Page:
In 1996 I joined a small group of medical personnel on a trip to Mexico. We worked in Morelia, a small village in Chiapas. One day I had some free time and sat out on the soccer field, writing in my journal. A gaggle of young boys came running through the field, shouting, “Vamos, vamos.” I barely spoke Spanish, but knew enough that they were encouraging me to join them. I was intrigued, but apprehensive as there was still a shadow of rebel activity looming over the region. Then I noted two women from a human rights organization in the group; I picked up my belongings and ran along. After a brief trek, we came to a small pond, where the boys stripped down and jumped in. I hadn’t planned for a swim, but joined them, fully dressed. One of the boys paddled up to me, held my hand up in the air, and announced to the crowd, “Todos somos amigos!” -- “We are all friends!” It was a golden moment in my life. I realized that travel can connect you to others despite age gaps, cultural contrasts, and language barriers, and although our daily existences occupy different worlds, we all belong to one world.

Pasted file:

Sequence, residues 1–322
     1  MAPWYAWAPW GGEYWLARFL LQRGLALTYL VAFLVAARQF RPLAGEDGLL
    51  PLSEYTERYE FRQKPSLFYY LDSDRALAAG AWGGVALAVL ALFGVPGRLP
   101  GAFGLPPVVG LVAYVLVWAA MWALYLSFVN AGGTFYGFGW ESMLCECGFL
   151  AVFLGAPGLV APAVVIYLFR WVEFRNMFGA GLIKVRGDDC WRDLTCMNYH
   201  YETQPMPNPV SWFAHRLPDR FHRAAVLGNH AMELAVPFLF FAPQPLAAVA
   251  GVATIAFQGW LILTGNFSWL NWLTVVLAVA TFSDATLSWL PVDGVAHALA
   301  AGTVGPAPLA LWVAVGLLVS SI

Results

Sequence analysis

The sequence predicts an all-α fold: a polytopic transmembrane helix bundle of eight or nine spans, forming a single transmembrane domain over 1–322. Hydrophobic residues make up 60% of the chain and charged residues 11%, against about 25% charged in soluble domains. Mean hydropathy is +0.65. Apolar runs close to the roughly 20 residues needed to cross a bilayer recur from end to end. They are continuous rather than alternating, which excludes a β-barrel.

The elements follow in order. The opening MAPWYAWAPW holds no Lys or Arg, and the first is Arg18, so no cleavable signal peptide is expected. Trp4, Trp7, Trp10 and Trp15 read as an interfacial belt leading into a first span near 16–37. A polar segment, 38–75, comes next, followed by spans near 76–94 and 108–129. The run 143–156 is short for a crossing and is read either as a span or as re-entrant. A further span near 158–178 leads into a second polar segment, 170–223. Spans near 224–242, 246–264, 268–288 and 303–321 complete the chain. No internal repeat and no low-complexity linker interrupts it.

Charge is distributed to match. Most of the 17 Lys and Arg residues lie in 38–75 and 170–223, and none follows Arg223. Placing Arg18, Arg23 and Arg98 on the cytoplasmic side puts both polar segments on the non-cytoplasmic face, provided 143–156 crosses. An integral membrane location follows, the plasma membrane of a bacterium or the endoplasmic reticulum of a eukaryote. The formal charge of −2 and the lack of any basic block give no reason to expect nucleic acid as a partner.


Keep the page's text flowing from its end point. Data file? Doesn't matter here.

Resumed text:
By LT Nguyen
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